Singapore City, Singapore (BBN) – A pet cockatoo in Singapore has been rescued from the jaws of death, after its owners discovered a huge python coiled around their bird’s cage.
The 1.5m long (5ft) snake was found on Monday in Melvin Yap’s home, reports BBC.
Mr Yap extricated the python with a stick, and passed it to an animal rescue group. He told the BBC that their pet bird, named Nikki, survived unharmed, but was “petrified”.
Large snakes are not uncommon in Singapore, which has abundant wildlife.
‘I WOKE UP TO SCREAMS’
Mr Yap said he was still sleeping early on Monday morning when he was woken up by frantic screams in the house.
“My domestic helper was in the process of cleaning the bird’s cage. The snake was just right in front of her, and she didn’t see it until my wife spotted it and screamed ‘Snake!’,” he said.
“There was just mayhem and panic.”
Mr Yap rushed downstairs along with his 10-year-old daughter, who assisted him as he “coaxed” the snake into a large plastic bag with a stick.
The snake appeared to be scared of the family, said Mr Yap
They later put it into an unused fish tank “so it wouldn’t suffocate”, and called a local animal rescue group which took it away later that afternoon.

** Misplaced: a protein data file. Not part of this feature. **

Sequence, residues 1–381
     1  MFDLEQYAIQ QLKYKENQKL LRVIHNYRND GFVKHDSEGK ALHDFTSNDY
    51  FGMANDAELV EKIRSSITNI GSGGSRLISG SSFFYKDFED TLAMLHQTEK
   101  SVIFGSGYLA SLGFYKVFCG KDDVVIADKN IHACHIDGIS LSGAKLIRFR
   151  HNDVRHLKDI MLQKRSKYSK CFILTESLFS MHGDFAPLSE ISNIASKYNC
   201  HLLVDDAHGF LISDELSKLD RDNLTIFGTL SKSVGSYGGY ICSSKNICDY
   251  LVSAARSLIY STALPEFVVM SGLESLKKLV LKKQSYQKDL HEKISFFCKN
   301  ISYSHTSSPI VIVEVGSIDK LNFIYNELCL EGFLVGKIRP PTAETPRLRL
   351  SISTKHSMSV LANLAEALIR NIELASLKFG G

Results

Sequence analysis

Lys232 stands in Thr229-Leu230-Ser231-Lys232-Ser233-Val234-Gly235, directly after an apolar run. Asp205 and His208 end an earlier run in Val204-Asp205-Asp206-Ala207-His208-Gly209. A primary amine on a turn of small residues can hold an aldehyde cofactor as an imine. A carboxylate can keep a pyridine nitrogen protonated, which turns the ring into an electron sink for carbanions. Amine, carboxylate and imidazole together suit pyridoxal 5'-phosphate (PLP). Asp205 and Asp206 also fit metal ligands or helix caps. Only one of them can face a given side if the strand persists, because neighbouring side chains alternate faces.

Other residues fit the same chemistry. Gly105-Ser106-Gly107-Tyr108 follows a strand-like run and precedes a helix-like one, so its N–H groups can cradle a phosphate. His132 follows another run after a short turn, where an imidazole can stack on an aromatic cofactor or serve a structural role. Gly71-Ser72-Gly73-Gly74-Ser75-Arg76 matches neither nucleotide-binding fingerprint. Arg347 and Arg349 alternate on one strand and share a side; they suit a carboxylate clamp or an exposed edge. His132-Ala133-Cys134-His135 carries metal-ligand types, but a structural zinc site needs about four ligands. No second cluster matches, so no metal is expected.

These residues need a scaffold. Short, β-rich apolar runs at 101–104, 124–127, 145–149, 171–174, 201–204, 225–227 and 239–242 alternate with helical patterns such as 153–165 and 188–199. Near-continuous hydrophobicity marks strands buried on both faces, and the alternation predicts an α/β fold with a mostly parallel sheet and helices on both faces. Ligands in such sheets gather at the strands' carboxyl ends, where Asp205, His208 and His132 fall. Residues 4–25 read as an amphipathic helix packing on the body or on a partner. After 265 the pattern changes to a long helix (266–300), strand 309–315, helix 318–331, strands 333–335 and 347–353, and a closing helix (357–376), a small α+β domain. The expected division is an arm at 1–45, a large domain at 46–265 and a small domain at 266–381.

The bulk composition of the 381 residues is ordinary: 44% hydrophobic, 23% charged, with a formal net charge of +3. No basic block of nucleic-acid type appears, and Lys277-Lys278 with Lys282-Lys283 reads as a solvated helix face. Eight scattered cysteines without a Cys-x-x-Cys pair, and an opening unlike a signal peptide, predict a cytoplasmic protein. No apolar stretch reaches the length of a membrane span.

His encounter, which was covered by local media outlets, drew astonished responses from Singaporeans, not least for the way in which he caught the reptile. “STICK and PLASTIC BAG???? Salute ah!” wrote one incredulous Facebook commenter.
But Mr Yap said he “just wanted to quickly contain the situation, and ensure my loved ones didn’t get hurt”.
“After I caught it, I realised it was more scared of us than the other way round. It was in defensive mode, curling up and trying to protect itself.”
He added that his family grew less fearful of the snake once they realised it was a python, which does not have a venomous bite.
Baby pythons had been previously spotted in neighbouring homes, though they were often killed, said Mr Yap, whose home is near a forested area.
Singapore, a densely-built island that still has thriving pockets of primary rainforest, has seen increasing human-wildlife encounters in recent years, involving wild boars, deer, snakes, and monkeys.
There have also been reports of giant pythons, which are common in South East Asia, attacking people. In March this year an Indonesian man was apparently swallowed by a python, while earlier this month another Indonesian was badly hurt after wrestling with a python – which was subsequently killed and eaten.
But Mr Yap said he did not want to harm the snake which slithered into his home.
“We’re just stewards of the environment and the creatures who live in it. I’m just grateful and appreciative of the encounter,” said the 46-year-old animal lover, though he admitted his wife “still has some concerns about lurking snakes”.
Meanwhile, Nikki appears to still be recovering from its near-death experience.
“Usually in the morning it loves to chirp, but this morning it was extremely quiet. No noise from the poor bird,” said Mr Yap. “I think we’ll have to give it more sunflower seeds as a treat.”